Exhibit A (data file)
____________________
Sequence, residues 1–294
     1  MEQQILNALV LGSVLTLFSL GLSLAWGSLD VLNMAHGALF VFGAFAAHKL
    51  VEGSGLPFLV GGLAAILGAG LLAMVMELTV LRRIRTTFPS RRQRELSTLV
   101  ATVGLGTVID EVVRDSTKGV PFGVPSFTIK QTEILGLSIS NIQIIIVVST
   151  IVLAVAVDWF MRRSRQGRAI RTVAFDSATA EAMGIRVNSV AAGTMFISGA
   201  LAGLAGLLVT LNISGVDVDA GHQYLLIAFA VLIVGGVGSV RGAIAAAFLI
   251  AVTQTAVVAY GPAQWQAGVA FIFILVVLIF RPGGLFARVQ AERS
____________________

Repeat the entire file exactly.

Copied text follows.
Sequence, residues 1–294
     1  MEQQILNALV LGSVLTLFSL GLSLAWGSLD VLNMAHGALF VFGAFAAHKL
    51  VEGSGLPFLV GGLAAILGAG LLAMVMELTV LRRIRTTFPS RRQRELSTLV
   101  ATVGLGTVID EVVRDSTKGV PFGVPSFTIK QTEILGLSIS NIQIIIVVST
   151  IVLAVAVDWF MRRSRQGRAI RTVAFDSATA EAMGIRVNSV AAGTMFISGA
   201  LAGLAGLLVT LNISGVDVDA GHQYLLIAFA VLIVGGVGSV RGAIAAAFLI
   251  AVTQTAVVAY GPAQWQAGVA FIFILVVLIF RPGGLFARVQ AERS